The orange line shows that with a small time delay of 5 microseconds there is already an observable difference in the throughput.

Increasing the time delay to 10 microseconds resulted in further reduction in throughput but not as much as the 5 microsecond delay over the original baseline.


When the timeout is increased to 100 microseconds the overall throughput is greatly reduced – by more than two thirds of the baseline. This is the greatest reduction of the two primary hotspots though it should be noted that the frequency of the transferTo method is twice that of the action method.


A similar set of test runs were conducted with time delays introduced into the ReplayingDecoder.callDecode method. Here is the final chart which indicates that changes to this method have very little impact on the throughput of the system under test including the processing capacity (which was fully utilized). In fact the timeout setting had to be changed to 1,000 microseconds before a noticeable drop in the throughput was observed.

Granted this method is executed at 1/4 of the frequency of the transferTo method but even at 10,000 microseconds the throughput was still close to transferTo rate at a 100 microsecond timeout. How can this be happening? Well the first clue is that when the instance count in both client and server is dropped down to 1 the throughput rate remains relatively high at 42K/s. The second clue is that overall processor utilization at this instance count level is just over 50%. Clearly the delays introduced above did not always impact throughput as much as expected because there was already implicit queuing and contention built up with the instance count at 4. This also explains why when a small delay was introduced there was a slight (contradictory) increase in the throughput as we indirectly eased contention on these implicit and explicit queues.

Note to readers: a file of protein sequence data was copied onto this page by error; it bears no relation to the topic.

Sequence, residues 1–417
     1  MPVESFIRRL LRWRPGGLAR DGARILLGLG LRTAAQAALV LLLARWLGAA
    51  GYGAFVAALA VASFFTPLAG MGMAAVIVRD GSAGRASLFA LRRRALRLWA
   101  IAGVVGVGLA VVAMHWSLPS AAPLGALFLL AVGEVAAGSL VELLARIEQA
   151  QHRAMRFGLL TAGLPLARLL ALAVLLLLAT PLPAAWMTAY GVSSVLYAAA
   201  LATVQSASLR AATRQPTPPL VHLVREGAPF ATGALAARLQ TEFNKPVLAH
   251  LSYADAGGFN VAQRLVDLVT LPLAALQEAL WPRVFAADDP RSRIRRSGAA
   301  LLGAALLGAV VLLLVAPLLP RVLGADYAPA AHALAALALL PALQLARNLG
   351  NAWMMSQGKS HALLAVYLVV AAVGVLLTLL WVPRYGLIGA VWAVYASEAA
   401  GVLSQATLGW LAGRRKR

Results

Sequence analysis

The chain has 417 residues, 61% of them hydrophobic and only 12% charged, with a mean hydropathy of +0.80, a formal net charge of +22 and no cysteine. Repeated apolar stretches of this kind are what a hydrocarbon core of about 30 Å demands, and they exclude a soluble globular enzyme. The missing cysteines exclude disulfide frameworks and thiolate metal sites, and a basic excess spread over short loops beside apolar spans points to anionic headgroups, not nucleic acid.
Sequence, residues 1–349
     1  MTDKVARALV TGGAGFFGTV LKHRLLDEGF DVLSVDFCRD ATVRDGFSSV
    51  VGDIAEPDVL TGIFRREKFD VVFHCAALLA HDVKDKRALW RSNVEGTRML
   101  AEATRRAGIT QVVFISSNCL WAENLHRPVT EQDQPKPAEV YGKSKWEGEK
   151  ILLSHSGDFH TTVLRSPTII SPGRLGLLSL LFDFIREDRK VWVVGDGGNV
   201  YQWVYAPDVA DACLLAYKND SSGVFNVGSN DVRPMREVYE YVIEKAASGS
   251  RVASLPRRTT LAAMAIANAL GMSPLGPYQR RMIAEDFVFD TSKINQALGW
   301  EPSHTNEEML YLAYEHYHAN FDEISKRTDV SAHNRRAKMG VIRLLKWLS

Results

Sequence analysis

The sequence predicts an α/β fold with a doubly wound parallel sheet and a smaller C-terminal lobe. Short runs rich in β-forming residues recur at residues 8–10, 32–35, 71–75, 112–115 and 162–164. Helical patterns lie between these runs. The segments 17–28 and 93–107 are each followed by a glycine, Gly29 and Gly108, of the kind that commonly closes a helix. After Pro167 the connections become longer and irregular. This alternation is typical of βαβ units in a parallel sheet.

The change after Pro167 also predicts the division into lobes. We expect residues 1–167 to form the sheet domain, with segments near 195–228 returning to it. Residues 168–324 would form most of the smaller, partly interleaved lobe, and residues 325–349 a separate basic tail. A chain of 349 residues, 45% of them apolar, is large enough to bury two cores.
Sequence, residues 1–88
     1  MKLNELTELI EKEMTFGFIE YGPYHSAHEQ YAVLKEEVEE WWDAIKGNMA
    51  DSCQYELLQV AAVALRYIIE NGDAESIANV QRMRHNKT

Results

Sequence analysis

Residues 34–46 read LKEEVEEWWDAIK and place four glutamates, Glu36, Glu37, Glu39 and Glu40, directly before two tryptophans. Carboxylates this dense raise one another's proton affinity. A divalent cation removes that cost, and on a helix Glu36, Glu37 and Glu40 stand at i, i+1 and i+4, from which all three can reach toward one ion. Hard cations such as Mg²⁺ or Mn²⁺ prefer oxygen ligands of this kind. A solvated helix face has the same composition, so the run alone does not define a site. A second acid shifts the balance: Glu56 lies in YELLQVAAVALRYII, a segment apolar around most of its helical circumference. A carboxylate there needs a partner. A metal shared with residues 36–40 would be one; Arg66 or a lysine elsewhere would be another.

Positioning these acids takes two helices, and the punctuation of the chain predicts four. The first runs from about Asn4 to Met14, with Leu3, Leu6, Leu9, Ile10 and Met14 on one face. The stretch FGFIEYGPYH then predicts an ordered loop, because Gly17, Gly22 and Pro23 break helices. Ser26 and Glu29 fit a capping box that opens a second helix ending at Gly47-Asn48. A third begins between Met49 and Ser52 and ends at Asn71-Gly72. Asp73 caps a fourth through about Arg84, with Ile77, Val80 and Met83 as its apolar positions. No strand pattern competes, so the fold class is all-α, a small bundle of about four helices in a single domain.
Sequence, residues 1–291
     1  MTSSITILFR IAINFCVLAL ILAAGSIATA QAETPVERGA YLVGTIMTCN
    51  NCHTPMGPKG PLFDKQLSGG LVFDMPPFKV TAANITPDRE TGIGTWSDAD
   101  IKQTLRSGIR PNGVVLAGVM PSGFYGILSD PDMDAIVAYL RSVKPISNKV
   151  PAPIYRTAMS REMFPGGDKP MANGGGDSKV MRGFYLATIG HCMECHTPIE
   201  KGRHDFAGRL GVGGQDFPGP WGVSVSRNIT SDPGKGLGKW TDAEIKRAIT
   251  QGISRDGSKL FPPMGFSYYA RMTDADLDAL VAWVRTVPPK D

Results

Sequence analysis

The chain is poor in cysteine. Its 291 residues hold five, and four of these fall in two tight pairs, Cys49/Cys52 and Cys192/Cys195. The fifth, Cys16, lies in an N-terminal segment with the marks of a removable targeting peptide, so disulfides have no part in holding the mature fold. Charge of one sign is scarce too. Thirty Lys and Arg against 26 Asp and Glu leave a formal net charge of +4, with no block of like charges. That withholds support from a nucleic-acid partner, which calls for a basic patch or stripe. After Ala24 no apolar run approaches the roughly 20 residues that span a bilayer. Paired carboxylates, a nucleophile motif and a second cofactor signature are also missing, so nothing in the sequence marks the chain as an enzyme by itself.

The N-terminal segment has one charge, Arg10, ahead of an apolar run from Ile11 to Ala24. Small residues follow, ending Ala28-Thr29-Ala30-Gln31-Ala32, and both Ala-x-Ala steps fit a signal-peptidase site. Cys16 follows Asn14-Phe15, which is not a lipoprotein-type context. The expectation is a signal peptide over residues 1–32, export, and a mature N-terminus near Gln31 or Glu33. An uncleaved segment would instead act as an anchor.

Because of the asynchronous nature of the underlying execution the methods classified above as latency hotspots are not exactly in the classical sense (response time) as their execution is not performed sequentially within a critical path. These methods are best classified as performance limiters in that they feed work to over hotspot methods (and worker threads) via queues. As long as such queues are never completely depleted the throughput is not adversely impacted though as seen from the above charts some methods and their associated queues have a much more pronounced impact on the overall throughput than others though not always reflected in their latency profile.

Note: When I first started writing this post I used “performance inhibitor” in the title but following discussions with Dr. Neil J. Gunther a leading expert in performance capacity planning I reverted to using “performance limiter” which he used in describing a similar behavior in his highly recommended Guerrilla Capacity Planning book in particular sections discussing his universal scalability law (USL) that is likely to become increasingly more relevant with increasing parallelism in request processing.

Further Reading:
Optimal Application Performance and Capacity Management via QoS for Apps
Fairer Web Page Servicing with QoS Performance Credits
Dynamic QoS Prioritization
Introduction to QoS for Applications